The SEALs began by asking the players to do 10 push-ups. “We’re dealing with professional athletes, can everybody in the room do 10 push-ups? Of course everyone can,” Hart says. “But can everybody do 10 push ups perfectly in unison counting off? Now it gets a little more tricky.” And then it got trickier, the SEALs yelled at the players to make them nervous and simulate a high-stress environment. Performance under pressure. “We did a lot of push-ups and we learned how to do them really good,” Quinn laughs.
Later, players were split into “boat crews” of six, each crew asked to carry a 240-pound log for an undetermined amount of time. The players weren’t told how far or for how long they’d have to carry it.
“That’s part of what makes it so difficult is the unknown, not knowing when it is going to end,” says Ryan, who caught a break when he and fellow QB Matt Schaub were paired with guards Ben Garland and Mike Person, defensive lineman Tyson Jackson and linebacker Tyler Starr due to their similar heights. (“I was definitely one of the weakest guys carrying our log,” Ryan adds.) Garland, an Air Force graduate, had experience in this kind of training. “He had some old songs he would sing when he was going through basic training,” Ryan says. “He was like the ringleader in our little boat team. He was really good and helped us take our minds off of what we were doing.”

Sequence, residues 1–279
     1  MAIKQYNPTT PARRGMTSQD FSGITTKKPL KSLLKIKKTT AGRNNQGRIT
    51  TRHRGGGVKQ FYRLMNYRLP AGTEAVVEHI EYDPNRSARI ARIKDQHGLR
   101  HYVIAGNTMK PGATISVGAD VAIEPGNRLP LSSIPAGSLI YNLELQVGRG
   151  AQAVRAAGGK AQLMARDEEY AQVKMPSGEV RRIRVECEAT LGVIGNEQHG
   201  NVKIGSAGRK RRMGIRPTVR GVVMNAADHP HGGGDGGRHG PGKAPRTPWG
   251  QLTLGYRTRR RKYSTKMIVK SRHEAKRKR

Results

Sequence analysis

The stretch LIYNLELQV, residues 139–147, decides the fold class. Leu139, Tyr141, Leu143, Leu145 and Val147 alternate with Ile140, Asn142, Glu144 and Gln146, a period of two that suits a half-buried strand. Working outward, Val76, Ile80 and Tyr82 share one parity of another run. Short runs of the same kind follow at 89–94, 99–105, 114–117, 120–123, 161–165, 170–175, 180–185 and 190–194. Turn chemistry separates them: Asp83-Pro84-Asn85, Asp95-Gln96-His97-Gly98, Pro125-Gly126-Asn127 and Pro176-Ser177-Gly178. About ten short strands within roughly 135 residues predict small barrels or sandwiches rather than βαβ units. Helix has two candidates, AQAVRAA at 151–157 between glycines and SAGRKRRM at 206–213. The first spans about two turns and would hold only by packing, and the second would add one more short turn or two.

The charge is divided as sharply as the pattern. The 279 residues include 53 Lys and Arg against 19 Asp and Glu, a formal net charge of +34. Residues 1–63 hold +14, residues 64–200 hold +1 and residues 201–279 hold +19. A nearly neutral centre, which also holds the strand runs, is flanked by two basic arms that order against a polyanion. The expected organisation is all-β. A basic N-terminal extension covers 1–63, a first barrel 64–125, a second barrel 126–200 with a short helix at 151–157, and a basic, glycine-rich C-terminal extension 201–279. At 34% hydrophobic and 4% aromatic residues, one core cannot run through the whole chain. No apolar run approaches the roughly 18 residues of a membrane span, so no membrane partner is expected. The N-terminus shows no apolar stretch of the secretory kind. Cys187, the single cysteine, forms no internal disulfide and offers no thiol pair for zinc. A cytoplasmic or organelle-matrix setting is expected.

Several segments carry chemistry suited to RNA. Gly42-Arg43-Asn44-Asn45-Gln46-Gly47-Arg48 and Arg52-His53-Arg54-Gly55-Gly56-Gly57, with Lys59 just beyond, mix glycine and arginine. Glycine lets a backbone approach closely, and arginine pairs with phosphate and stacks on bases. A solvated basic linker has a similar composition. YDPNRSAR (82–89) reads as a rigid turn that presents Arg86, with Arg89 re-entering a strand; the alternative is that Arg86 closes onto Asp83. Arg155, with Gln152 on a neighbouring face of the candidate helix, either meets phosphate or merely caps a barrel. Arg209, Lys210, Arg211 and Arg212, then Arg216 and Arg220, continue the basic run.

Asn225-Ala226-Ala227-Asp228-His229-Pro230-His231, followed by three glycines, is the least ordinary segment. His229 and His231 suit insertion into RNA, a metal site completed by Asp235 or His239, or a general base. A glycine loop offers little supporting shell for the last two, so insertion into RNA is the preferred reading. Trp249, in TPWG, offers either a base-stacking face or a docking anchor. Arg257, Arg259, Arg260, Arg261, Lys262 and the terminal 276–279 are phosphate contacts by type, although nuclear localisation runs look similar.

Even Quinn and Atlanta’s coaches put in time with the logs. “It’s one thing for the players to be well connected, but I thought it was really important for our staff too,” Quinn says. “We didn’t show you that video, thank goodness, it would look rough.”
Many of the physical exercises were head-to-head battles between the crews. Receiver Julio Jones left the week with bragging rights after his crew won several competitions. “It’s all about communicating under pressure when you are fatigued,” Jones says. “And that part of it pertains to football. When you are on the field and you are tired and fatigued what are you going to do? Are you going to let your brothers down?”
The classroom sessions played as big a role as the physical training. The SEALs told stories to illustrate the lessons in decision-making, teamwork and goal-setting. There were stories about life or death situations they went through while on deployments in Iraq and Afghanistan.
“The bravery that they have and their discipline and attention to detail, to me it was eye opening,” Ryan says. “We would see guys at 3:30 in the afternoon in our facility just talking with the SEALs. That doesn’t happen this time of the year. Usually when you are done, people are out of here pretty quickly.
When asked which players stood out as leaders in the four days of training, Quinn quickly rattles of 15 names and could keep going. “We learned that leadership comes from all levels,” he says. “Just because a player is going into his second or third year doesn’t mean he isn’t going to have significant leadership value here.”
The team is still in transition heading into Quinn’s second season, and the training program created a closer-knit group. Bill Golden, an APG trainer and Special Operations Forces veteran says, “I wouldn’t bet against the Falcons this year, these guys got it.”